This week, Noah Berlatsky wrote an article for The Atlantic addressing an issue which has been gaining intensity over the past months. The issue is that of ‘fake geek girls.’ It’s a controversial topic in ‘geek’ circles, the predominantly male subculture of those who can name every incarnation of Doctor Who and knew about Game of Thrones way before you did.
Joe Peacock defines ‘fake geek girls’ as “pretty girls pretending to be geeks for attention.” Berlatsky explains: “The idea is that hot women go to cons, dress up in sexy cosplay outfits, and pretend to care about Star Wars or Spider-Man in order to…do what isn’t exactly clear. The logic rather breaks down at this point. Something about attention whores, something about taking advantage of geeks, something about male paranoia and a big fat dollop of misogyny seems to be the basic reasoning.” What the debate has done is call into question the kind of vitriol directed at women in a subculture from which you wouldn’t typically expect misogynistic behaviour, and taps into discussions which raged last year in response to Julia Gillard’s speech (Read Eva Cox’s interesting analysis of that situation here).
Rachel Edidin argues that because geek culture exists on the fringes, there is an even stronger drive to define a ‘centre’, and the typology of the ‘real’ geek. Because of this, “masculinity is policed incredibly aggressively in geek communities, as much as in any locker room.” But at the same time women are increasingly noticeable in the community, “which means that geek identity is no longer unimpeachably male.” Writing for Forbes, Daniel Nye Griffiths writes, “In the face of this insecurity, “fake geek girls” are the equivalent of Communist sleeper agents in the uncertain 50s – the number of women who have no interest in geek culture but want geek attention at a personal level is vanishingly small, but their phantom is used to justify prejudice more generally, with the aim of keeping an unknown quantity out of the clubhouse.”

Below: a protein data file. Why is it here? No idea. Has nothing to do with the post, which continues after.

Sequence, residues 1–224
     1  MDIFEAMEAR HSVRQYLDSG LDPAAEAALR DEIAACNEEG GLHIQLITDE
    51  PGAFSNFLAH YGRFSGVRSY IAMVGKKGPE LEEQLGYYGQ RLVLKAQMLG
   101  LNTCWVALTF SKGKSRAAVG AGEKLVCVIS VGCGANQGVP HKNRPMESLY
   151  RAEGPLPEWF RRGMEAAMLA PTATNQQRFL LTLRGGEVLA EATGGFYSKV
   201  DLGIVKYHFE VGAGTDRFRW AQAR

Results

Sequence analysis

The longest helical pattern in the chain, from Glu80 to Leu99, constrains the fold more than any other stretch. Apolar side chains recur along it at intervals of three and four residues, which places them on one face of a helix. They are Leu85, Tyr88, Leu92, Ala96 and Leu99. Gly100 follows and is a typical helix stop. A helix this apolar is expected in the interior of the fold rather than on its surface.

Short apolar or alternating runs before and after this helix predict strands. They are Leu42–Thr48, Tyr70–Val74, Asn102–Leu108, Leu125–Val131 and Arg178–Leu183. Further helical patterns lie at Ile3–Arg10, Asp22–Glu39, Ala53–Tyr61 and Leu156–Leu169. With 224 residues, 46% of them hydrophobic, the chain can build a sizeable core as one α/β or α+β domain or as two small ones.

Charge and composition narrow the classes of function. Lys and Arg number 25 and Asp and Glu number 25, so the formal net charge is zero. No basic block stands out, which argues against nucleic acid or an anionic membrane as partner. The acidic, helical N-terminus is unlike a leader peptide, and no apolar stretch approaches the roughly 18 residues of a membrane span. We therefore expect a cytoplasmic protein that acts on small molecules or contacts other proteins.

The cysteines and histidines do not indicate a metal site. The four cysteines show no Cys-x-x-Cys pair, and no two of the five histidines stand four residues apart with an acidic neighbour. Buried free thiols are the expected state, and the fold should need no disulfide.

The debate about ‘fake geek girls’ in some ways stands as study in what happens in any culture committed to hierarchy and power (in whatever form), and this is perhaps why it has captured the attention of so many people the world over.